sponsored by

Haiti PM denounces post-quake political conflict

Send a link to a friend

[February 19, 2010]  PORT-AU-PRINCE, Haiti (AP) -- Haitian Prime Minister Jean-Max Bellerive worries his government could face collapse as political opponents capitalize on its inability to respond strongly to the Jan. 12 earthquake.

InsuranceThe battered nation's second-in-command told The Associated Press during a 40-minute interview that he has two immediate fears -- how the 1.2 million people living in Port-au-Prince's streets, hillsides and gullies will deal with the impending rainy season and the danger of political divisiveness.

"You have the feeling that everyone is trying to do his little part and accuse the other one of not doing his part," including Haitian politicians, international aid groups and the business community, Bellerive said. "Everyone is trying to create conflict when we have the same enemy right now: It's misery, it's disaster."

He had been prime minister for two months when the earthquake struck, having replaced a predecessor ousted mainly by senators from Preval's party.

Bellerive is the sixth person to hold the post of head of government and No. 2 to the president since 2004 in this politically unstable nation. Preval took power under a U.N.-sanctioned election after two years of a U.S.-backed interim government that filled the void following the 2004 ouster of President Jean-Bertrand Aristide.

As an economist whose prior responsibilities included coordinating international aid for this deeply poor nation, Bellerive said he understands criticism that Haiti's leaders didn't do enough to help in the days after the magnitude-7 earthquake killed 200,000 people and leveled 38 percent of the capital, including nearly every government ministry.

"Because we didn't have any administration we could not give the services the population is entitled to. So they say there isn't any government," he said.

Since the quake, Bellerive said, he has spent sleepless nights worrying about impending rains -- and their threat to cause landslides and floods that are constant killers in this Caribbean nation.

He said he has struggled to find solutions for those displaced by the quake. Most are still in the streets, trying to cope with poor sanitation and not enough food.

Then there is the potential for a constitutional storm.

A legislative election scheduled for this month has been canceled, threatening parliament's legitimacy. A presidential election planned for later in the year is also in question, with Preval's term expiring in 12 months.

In a country where peaceful transitions to power are rare, that could give opportunities to political rivals, Bellerive said.

"I am not asking for a truce, but I believe we have a serious problem that we have to face right now as a nation," he said. "The government is not able to resolve this situation alone."

Also on Thursday, U.N. humanitarian chief John Holmes called for improved coordination of relief efforts five weeks after the devastating quake, from a lack of shelter to rubble removal and sanitation.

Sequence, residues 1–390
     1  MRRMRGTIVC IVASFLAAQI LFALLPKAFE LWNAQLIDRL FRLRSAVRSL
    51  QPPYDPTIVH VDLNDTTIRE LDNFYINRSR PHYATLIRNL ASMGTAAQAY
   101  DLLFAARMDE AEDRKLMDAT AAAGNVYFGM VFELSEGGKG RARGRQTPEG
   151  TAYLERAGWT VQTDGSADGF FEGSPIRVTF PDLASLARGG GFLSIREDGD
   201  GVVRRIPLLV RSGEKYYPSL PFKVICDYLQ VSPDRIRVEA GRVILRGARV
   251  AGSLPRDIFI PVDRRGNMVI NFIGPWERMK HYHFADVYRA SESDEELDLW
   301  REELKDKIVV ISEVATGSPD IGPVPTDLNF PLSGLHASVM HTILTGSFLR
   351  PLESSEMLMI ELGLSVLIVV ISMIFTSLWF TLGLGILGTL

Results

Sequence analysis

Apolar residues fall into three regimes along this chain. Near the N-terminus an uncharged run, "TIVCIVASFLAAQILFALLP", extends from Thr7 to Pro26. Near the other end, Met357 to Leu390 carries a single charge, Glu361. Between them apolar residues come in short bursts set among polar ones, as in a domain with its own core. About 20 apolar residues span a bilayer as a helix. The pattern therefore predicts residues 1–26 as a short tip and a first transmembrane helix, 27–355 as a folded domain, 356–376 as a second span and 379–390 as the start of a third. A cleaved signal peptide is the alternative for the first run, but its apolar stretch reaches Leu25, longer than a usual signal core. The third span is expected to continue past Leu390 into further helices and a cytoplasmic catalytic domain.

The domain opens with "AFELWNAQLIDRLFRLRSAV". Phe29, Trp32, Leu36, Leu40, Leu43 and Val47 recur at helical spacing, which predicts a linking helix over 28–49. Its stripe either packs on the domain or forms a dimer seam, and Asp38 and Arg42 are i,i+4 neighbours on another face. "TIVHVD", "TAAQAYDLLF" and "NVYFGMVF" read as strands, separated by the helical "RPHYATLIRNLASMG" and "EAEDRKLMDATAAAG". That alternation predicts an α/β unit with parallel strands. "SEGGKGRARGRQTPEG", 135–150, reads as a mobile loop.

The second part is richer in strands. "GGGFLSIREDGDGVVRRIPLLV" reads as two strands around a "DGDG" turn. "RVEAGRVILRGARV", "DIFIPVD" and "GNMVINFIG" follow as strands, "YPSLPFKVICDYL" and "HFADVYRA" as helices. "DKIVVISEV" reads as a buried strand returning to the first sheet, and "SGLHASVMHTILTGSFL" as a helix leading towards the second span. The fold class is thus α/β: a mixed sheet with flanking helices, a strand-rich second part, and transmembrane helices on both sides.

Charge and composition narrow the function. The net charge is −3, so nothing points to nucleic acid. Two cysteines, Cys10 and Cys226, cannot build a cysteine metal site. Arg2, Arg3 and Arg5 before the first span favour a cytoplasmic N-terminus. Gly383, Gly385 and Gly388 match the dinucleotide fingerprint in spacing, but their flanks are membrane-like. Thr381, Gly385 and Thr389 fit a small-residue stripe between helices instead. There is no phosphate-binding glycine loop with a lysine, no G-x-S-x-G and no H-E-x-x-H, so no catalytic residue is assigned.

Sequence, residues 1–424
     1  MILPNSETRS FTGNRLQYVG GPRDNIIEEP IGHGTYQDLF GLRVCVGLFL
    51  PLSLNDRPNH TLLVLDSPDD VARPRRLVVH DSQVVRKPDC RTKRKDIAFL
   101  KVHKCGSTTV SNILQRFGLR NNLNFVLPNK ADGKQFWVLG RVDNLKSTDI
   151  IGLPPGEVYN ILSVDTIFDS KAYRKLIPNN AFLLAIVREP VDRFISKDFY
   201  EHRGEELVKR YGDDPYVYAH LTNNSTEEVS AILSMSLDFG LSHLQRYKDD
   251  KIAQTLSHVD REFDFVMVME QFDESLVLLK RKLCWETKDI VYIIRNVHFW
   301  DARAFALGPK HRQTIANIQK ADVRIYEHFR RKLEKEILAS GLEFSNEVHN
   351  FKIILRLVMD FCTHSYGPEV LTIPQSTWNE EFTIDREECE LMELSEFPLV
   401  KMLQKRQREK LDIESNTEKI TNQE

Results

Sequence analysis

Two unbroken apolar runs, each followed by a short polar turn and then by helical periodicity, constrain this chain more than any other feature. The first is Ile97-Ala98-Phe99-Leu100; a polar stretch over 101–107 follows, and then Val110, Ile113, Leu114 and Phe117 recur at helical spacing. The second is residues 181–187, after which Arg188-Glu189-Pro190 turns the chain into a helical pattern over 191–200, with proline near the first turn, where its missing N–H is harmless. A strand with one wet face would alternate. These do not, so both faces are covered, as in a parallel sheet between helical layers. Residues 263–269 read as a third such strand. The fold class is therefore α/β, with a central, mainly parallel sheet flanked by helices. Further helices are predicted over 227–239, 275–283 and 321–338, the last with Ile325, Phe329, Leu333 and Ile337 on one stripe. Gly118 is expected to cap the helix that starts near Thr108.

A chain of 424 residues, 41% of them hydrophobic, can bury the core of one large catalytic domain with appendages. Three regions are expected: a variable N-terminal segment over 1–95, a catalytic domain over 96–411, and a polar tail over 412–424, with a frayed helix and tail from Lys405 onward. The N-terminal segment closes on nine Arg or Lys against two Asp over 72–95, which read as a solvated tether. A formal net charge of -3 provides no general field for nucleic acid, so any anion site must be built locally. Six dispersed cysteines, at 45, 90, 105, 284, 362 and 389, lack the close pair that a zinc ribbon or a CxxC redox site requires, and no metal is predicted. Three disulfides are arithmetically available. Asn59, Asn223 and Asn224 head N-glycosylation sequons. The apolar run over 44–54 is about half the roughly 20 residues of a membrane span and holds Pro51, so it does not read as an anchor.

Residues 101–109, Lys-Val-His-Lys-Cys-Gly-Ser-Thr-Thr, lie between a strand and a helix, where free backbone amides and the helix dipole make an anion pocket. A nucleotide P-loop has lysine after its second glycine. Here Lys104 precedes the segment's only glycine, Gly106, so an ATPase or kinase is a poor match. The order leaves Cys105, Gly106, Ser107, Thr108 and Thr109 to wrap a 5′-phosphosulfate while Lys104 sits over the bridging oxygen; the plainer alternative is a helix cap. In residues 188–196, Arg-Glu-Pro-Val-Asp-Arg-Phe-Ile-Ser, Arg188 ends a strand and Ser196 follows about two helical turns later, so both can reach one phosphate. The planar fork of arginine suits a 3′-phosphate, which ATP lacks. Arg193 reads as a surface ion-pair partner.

[to top of second column]

He was commenting on an e-mail he sent to U.N. staff that said an uneven response to the disaster "is leading others to doubt our ability to deliver."

The e-mail's contents, first reported by The Washington Post, were confirmed by a U.N. official in Haiti who spoke on condition of anonymity because of the matter's sensitivity.

Holmes said in the e-mail that he was "disappointed" that several of the organizational committees known as "clusters," which coordinate delivery of aid, hadn't yet assessed needs or developed plans to respond.

The U.N.'s losses in Haiti were themselves staggering: Its headquarters collapsed completely, and 92 U.N. staff were confirmed killed with seven still missing.

Earlier in the day, the United Nations asked donors for $1.44 billion to help Haitians recover. The appeal, which covers needs in 2010, is the largest ever for a natural disaster.

U.N. Secretary-General Ban Ki-moon and his special envoy for Haiti, former U.S. President Bill Clinton, launched the appeal at a meeting with diplomats from many of the 192 U.N. member states.


"Before last month's disaster we had a plan for Haiti's long-term development and reconstruction," Ban said. "Our challenge today is to reformulate that plan to help Haitians build back better."

With the rainy season approaching, Ban said, the top priorities are to provide shelter, sanitation and humanitarian assistance.

Clinton echoed that call, telling the diplomats that while the appeal is important to begin long-term rebuilding, the world must first help millions of Haitians get through daily post-quake struggles with disease, loss of shelter and shortages of food.

Donors have already pledged $673 million -- meaning $768 million is still needed, said Stephanie Bunker, spokeswoman for the U.N. Office for the Coordination of Humanitarian Affairs.

[Associated Press; By JONATHAN M. KATZ]

Associated Press writers Frank Bajak in Port-au-Prince and Edith M. Lederer at the United Nations contributed to this report.

Copyright 2010 The Associated Press. All rights reserved. This material may not be published, broadcast, rewritten or redistributed.

< Top Stories index

Back to top


News | Sports | Business | Rural Review | Teaching & Learning | Home and Family | Tourism | Obituaries

Community | Perspectives | Law & Courts | Leisure Time | Spiritual Life | Health & Fitness | Teen Scene
Calendar | Letters to the Editor